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2011, No. 8
Posted 2011-03-23

Fiscal Policy and Expected Inflation

Unless something is done, the United States faces the prospect of unprecedented deficits and exploding debt-to-GDP (gross domestic product) ratios. Budget analysts forecast the publicly held U.S. debt-to-GDP ratio will rise from 60 percent at 2010 fiscal year-end to 185 percent by 2035. Although a few developed countries (e.g., Japan and Italy) have managed to avoid default with very high debt-to-GDP ratios, rising prices of credit default swaps (CDSs) on U.S. debt indicate that financial markets now consider a U.S. default possible, if still highly unlikely. CDSs function much like insurance for bonds: The buyer of a CDS pays an annual premium in exchange for insurance against the possibility of default by the bond issuer. Just as the likelihood of an auto accident affects the price of auto insurance, CDS premia reflect changes in market expectations about the likelihood that a bond issuer—such as a corporation or government—will default. CDS rates on U.S. debt have risen from less than 5 basis points per annum in 2007 to more than 40 basis points recently. The possibility of a technical default—in which wrangling over the debt ceiling delays bond payments by a few days—might produce some of the increase in CDS rates, but fears of a substantive default are also likely to have risen. Investors are much more wary of an explicit U.S. default.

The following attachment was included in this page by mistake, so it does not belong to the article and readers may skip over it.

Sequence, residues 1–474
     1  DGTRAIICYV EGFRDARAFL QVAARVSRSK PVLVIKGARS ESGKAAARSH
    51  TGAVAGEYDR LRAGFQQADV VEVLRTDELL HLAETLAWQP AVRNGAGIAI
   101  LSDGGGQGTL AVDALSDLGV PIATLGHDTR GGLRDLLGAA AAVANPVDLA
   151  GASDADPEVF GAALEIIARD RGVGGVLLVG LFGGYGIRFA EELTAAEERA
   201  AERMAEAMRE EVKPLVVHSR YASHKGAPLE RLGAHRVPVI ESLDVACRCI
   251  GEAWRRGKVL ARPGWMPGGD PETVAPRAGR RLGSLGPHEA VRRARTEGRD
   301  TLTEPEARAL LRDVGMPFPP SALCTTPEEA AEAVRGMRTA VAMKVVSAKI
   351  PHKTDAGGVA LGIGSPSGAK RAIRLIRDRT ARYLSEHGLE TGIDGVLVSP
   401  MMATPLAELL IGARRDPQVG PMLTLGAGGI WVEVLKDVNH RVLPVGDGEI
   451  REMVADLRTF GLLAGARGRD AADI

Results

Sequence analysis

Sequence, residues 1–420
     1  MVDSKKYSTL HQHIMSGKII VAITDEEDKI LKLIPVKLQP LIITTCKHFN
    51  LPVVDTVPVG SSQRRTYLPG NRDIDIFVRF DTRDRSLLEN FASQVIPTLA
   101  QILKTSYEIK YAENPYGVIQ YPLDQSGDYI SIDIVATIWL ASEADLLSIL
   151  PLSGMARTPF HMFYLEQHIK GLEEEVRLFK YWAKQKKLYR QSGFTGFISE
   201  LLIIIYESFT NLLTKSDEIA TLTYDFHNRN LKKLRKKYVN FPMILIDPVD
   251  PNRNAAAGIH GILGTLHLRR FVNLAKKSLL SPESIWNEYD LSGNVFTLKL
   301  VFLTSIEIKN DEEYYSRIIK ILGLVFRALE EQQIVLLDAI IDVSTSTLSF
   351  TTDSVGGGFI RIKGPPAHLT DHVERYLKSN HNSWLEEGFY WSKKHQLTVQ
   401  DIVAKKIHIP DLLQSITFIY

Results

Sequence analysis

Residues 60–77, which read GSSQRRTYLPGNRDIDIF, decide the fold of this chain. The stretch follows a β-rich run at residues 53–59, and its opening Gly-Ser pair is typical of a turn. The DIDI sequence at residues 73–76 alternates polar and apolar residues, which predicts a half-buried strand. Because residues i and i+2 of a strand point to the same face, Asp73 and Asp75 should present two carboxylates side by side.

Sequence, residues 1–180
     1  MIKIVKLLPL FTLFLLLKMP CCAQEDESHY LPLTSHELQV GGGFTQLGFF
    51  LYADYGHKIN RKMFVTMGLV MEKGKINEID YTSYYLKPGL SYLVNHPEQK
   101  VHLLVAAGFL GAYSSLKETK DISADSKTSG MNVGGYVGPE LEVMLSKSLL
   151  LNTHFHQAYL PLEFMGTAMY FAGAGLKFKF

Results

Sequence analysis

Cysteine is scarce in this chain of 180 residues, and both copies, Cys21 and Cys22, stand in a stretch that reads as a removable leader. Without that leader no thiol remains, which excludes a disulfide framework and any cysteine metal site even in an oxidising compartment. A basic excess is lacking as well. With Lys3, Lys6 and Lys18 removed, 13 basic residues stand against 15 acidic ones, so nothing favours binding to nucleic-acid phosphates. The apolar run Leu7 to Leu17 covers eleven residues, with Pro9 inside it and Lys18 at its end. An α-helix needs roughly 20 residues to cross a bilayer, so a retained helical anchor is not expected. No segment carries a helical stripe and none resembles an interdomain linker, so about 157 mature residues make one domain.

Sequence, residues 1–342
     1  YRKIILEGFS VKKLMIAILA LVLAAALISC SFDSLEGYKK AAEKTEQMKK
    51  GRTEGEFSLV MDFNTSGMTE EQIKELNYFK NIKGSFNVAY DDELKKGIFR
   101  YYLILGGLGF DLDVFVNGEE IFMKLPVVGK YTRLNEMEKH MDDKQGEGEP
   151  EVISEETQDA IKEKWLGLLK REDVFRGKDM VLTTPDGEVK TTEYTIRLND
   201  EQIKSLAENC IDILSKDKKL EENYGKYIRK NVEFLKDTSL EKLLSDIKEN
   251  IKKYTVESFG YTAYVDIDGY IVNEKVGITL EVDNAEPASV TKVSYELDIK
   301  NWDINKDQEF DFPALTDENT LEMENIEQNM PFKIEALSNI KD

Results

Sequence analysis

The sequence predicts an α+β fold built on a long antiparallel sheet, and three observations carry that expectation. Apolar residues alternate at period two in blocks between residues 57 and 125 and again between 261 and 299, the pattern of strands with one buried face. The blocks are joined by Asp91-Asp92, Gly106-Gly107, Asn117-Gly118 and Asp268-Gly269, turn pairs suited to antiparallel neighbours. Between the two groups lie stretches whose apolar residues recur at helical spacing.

A country in an untenable fiscal situation can evade its debt obligations in at least two ways. The first is to default by canceling or restructuring debt. The second (and indirect) way to default is by raising the domestic price level with surprise inflation—reducing the real value of nominal bonds denominated in the domestic currency. Although Federal Reserve Chairman Ben Bernanke has been steadfast in stating that the Fed will not allow inflation to rise above 2 percent—which the Fed has traditionally equated with price stability—some analysts predict the Fed will use inflation to greatly reduce the real value of U.S. debt.1

Despite U.S. fiscal problems, the Fed appears to still retain excellent inflation credibility with financial markets. The chart shows that expected inflation from both Treasury Inflation-Protected Security (TIPS) spreads measures and professional economists' forecasts seems to be well anchored near 2 percent. Markets and forecasters appear to discount the possibility of using inflation to reduce the value of U.S. debt.

Although confidence in the Fed might explain the quiescence of inflation expectations, the structure of U.S. government debt may be more important. Each year, almost 40 percent of privately held U.S. government debt matures and must be refinanced. A surprise burst of inflation would reduce the real value of this debt but also greatly increase the cost of rolling it over and perhaps make it impossible to roll over. Furthermore, 7 percent of the U.S. debt consists of TIPS whose payments would rise commensurately with increases in the consumer price index.2

In other words, inflating away the U.S. debt simply would not work because a high proportion of the debt is in short-term or inflation-protected securities. Some combination of reduced spending and/or higher taxes would reduce the default risk and create a sustainable fiscal path.


1 Chairman Bernanke has said recently that "We've been very, very clear that we will not allow inflation to rise above two percent or less" ( and "Well, first, let me say that we're not going to be monetizing the debt" (see p. 35 of dbname=111_house_hearings&docid=f:56766.pdf). 

2 The short-maturity debt also includes some near-to-maturity TIPS. 

© 2011, Federal Reserve Bank of St. Louis. The views expressed are those of the author(s) and do not necessarily reflect official positions of the Federal Reserve Bank of St. Louis or the Federal Reserve System.